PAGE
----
And that was that!

Then it was back to the apartment and chatting with Mom, making creamy tea, and figuring out why the apartment had no water when the faucet was turned on (building repairs, it turned out). I had a great session with my therapist and later, met up with my NC-based “Better Together” support group for folks with chronic illness over Zoom. I am thankful to have the strength and support of so many wonderful people.

My movement for today consisted of a functional strength workout. I was silly and spent 45 minutes doing ridiculous movements, including squats, sit-ups, lunges, pushups and yes – burpees. For anyone who knows me, I hate burpees. And yet, I do them anyway. In life, we don’t get to pick and choose everything – burpees are no exception. Besides, even if no one else knew that I skipped them, I would know; I’m the one who needs to be OK with myself when I look in the mirror. And the thing about this workout – its one that I’ve done before with my gym, and I hated it but loved it because it was hard and I pushed myself, a twisted combination of strength and speed.

Today I worked hard, but I also took time to drink water, catch my breath, and even place a pillow under my bum (for the sit-ups). It wasn’t about speed, quickness or maxing my heart rate; instead, I wanted to just put in the work, the effort, and gain strength. One day my quickness will return, but that’s not something I care about at this moment. I’ll know when my body is ready….and I don’t think it will just suddenly dawn on me, like a switch being flipped that YES, it’s time to start ramping up intensity or going for speed. I suppose it’ll be more of a gradual process, where I challenge myself to do the work, honor my body’s needs, all while nudging that bar – at whatever level it’s at – nudging it forward. In my post-transplant life, I don’t want to be afraid of pushing or challenging myself – I think it will be just a large-scale balancing act.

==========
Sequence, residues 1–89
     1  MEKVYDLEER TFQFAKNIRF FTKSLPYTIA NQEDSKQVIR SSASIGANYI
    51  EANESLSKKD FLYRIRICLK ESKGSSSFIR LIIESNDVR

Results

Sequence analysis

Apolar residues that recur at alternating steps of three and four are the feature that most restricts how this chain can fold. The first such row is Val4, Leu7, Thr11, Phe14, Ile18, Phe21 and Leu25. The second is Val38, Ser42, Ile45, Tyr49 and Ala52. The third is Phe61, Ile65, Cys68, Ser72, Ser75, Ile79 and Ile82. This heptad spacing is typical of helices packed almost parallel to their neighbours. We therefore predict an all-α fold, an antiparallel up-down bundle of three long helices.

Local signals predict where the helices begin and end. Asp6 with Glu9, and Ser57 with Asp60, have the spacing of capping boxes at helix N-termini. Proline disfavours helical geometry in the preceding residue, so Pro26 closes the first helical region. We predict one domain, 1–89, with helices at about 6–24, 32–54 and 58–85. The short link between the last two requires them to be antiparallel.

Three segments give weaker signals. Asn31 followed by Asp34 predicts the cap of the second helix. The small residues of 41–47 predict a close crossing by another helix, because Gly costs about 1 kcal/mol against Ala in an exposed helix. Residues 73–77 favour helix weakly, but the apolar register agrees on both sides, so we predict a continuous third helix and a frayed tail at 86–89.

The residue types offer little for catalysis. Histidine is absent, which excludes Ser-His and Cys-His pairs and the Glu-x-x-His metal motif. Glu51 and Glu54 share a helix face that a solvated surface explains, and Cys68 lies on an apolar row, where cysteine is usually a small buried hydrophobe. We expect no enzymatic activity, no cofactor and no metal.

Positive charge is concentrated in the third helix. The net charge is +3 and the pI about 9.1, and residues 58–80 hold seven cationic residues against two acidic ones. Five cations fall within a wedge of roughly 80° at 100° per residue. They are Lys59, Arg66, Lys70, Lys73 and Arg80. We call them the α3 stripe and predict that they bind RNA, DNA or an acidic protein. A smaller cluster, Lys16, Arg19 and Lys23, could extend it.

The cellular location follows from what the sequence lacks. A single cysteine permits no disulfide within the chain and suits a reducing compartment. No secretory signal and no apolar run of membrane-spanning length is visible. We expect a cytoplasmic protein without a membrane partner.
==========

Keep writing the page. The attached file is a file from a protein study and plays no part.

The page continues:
And that’s cool. I can do that.

My late dinner consisted of pasta, butter and cheese. I know, I know….absolutely zero people are surprised at my food choice. Mom even made it for me, so I could chat with Andy, which was very thoughtful and kind. My legs, slightly shakey from the lunges, agreed.

Tomorrow – weather cooperating – we are planning a drive up to Gettysburg. Neither Mom, nor I have ever been and we have both enjoyed being witness to the history that occurred in this area 150 years ago. For now, that’s all. Except there’s still a slice of carrot cake in the fridge with my name on it, and as long as my lunged-out legs can get me there – it’s mine.


  1. Yes! The one hundred day mark after transplant is approaching fast; all that’s needed is a final check up and the OK. Marit and I made a bucket list of things to do before we leave, so we can get the most out of our stay here. Another adventure awaits us tomorrow!